MT VOID 12/26/03 (Vol. 22, Number 26)

MT VOID 12/26/03 (Vol. 22, Number 26)

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Mt. Holz Science Fiction Society
12/26/03 -- Vol. 22, No. 26

Table of Contents

El Presidente: Mark Leeper, The Power Behind El Pres: Evelyn Leeper, Back issues at All material copyright by author unless otherwise noted. All comments sent will be assumed authorized for inclusion unless otherwise noted. To subscribe, send mail to To unsubscribe, send mail to

Book Title (comments by Mark R. Leeper):

I saw a book with a title that was one of those combinations of words that seems stranger the more you think about it. The title is LIVE LONGER NOW. I'm alive right now. Now is just an instant of time. Can I add five years to that instant of time? Or if I live longer is it living longer later? If I am going to live forty more years and I extend it to forty-five by what I do now am I really living longer now and just pushing those forty years forward in time. Three little words and I have an afternoon's worth of ideas to think about. [-mrl]

Modern Writing (comments by Mark R. Leeper):

I downloaded to my PC an episode of the new animation anthology called THE ANIMATRIX, a collection of anime pieces based in the universe of THE MATRIX. The animation--I think it was called "Program"--shows a woman warrior in a world based on historic Japan. She is in a battle and, aha, she is victorious. It turns out to be a layer of artificial reality, part of a test for the woman in the modern world. As she gets up she punches the instructor. He says she has done very well, except for the last part when she punched him. The images are very colorful and engaging. (The animation is not really good but it is up to anime standards. Few people seem to notice but anime animation is really not very good.)

This short film is a nice, polished piece of animated film, except for the plot--or really the lack of a plot. The story is an assembly of cliches and old ideas I have seen not once but dozens of times. The main character is a woman who is superbly powerful, attractive, but who has attitude. Like Ripley in ALIEN. Like Lara Croft in TOMB RAIDER. Like Elektra in DAREDEVIL. Like Sarah Connor in TERMINATOR 2. Like Buffy. Like Xena. In fact, you see that combination in various forms several times a week these days and it is used here as if it is original. That's it. That is the whole story. She is a good fighter and has attitude. The production is polished, but it left me mystified as to why anyone wanted to tell me this story. I got through it telling myself that it was just so many minutes of my life wasted. The truth is, the filmmakers had no story to tell. They just pulled cliches off the shelf to use to show off their style. They are showing how good a job that they could do telling a story if they had a story to tell. But they didn't.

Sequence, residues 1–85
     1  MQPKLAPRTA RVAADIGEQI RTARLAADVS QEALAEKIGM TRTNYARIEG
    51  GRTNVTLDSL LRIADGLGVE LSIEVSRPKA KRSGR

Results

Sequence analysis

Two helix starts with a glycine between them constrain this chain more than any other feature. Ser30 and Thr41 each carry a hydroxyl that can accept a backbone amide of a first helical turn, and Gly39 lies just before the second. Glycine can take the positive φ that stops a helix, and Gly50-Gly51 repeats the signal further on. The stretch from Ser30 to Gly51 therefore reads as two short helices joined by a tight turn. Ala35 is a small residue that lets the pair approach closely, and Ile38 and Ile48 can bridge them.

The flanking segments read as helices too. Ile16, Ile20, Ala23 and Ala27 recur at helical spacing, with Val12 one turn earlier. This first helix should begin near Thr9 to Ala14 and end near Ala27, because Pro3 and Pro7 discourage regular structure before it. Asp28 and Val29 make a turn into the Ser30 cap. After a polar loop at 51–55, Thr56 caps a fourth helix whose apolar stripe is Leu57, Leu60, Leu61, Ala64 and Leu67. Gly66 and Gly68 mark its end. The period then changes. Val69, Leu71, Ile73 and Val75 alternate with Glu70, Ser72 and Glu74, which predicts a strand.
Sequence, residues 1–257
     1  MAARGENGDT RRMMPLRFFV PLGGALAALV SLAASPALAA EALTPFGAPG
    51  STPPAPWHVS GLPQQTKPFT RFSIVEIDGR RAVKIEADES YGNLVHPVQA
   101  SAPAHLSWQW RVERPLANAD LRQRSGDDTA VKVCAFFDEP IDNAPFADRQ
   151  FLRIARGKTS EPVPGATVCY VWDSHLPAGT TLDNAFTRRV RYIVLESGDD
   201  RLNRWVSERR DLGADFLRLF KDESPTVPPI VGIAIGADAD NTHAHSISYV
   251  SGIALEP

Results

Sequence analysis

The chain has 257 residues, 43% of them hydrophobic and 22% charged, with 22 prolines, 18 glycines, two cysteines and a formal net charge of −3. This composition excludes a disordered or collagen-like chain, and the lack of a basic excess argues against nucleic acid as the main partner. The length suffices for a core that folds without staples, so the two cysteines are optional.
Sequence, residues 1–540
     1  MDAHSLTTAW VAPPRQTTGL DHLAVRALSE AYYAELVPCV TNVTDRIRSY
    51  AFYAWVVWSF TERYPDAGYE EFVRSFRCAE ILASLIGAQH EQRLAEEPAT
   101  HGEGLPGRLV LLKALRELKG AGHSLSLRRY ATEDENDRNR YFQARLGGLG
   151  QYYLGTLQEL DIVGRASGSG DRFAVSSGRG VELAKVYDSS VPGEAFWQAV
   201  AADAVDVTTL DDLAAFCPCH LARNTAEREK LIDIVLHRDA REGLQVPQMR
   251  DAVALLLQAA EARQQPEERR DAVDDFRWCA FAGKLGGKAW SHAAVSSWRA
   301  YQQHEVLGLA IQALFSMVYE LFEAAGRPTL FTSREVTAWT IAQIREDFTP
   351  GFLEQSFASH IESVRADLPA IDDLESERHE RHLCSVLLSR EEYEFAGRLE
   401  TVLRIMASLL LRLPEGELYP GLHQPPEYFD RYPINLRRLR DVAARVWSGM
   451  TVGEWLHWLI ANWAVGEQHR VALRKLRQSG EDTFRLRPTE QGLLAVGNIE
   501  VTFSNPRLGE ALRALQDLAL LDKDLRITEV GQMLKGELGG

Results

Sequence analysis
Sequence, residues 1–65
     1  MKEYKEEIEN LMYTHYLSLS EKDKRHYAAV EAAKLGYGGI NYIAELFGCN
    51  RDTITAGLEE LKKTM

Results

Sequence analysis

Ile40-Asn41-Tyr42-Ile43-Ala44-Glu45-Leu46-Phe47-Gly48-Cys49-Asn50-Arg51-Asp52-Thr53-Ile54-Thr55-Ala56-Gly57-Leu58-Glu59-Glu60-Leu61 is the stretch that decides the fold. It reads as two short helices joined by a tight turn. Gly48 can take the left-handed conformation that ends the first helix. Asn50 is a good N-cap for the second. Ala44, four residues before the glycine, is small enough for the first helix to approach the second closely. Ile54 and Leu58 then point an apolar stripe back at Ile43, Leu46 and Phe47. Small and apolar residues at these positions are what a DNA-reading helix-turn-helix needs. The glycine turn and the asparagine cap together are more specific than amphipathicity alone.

It seems that the most under-valued talent in today's media is the ability to tell a good story. Stories may be written to hang special effects on or to allow action scenes, but like the producers of this short film did, the people who are making the stories for the media underestimate the importance of actually having an interesting story to tell. You can hire good special effects crews; you can hire good stunt people; you can even hire decent cinematographers. These are called crafts people and ones who are at least competent are in no small supply. (The really good ones may be as rare as good writers are.) Good writers are artists and the ones who tell good stories are in really short supply. There are no formulae to teach people to write good stories (though there is a guy named Robert McKee who claims to have some useful approaches he can teach). But if filmmakers do not value the few people who can tell good stories, you end up with some really lousy films. This year we seem to have a lot of them. This may be why the third Matrix film did so poorly. I say it may be because I did not see the third film. The second film was enough for me.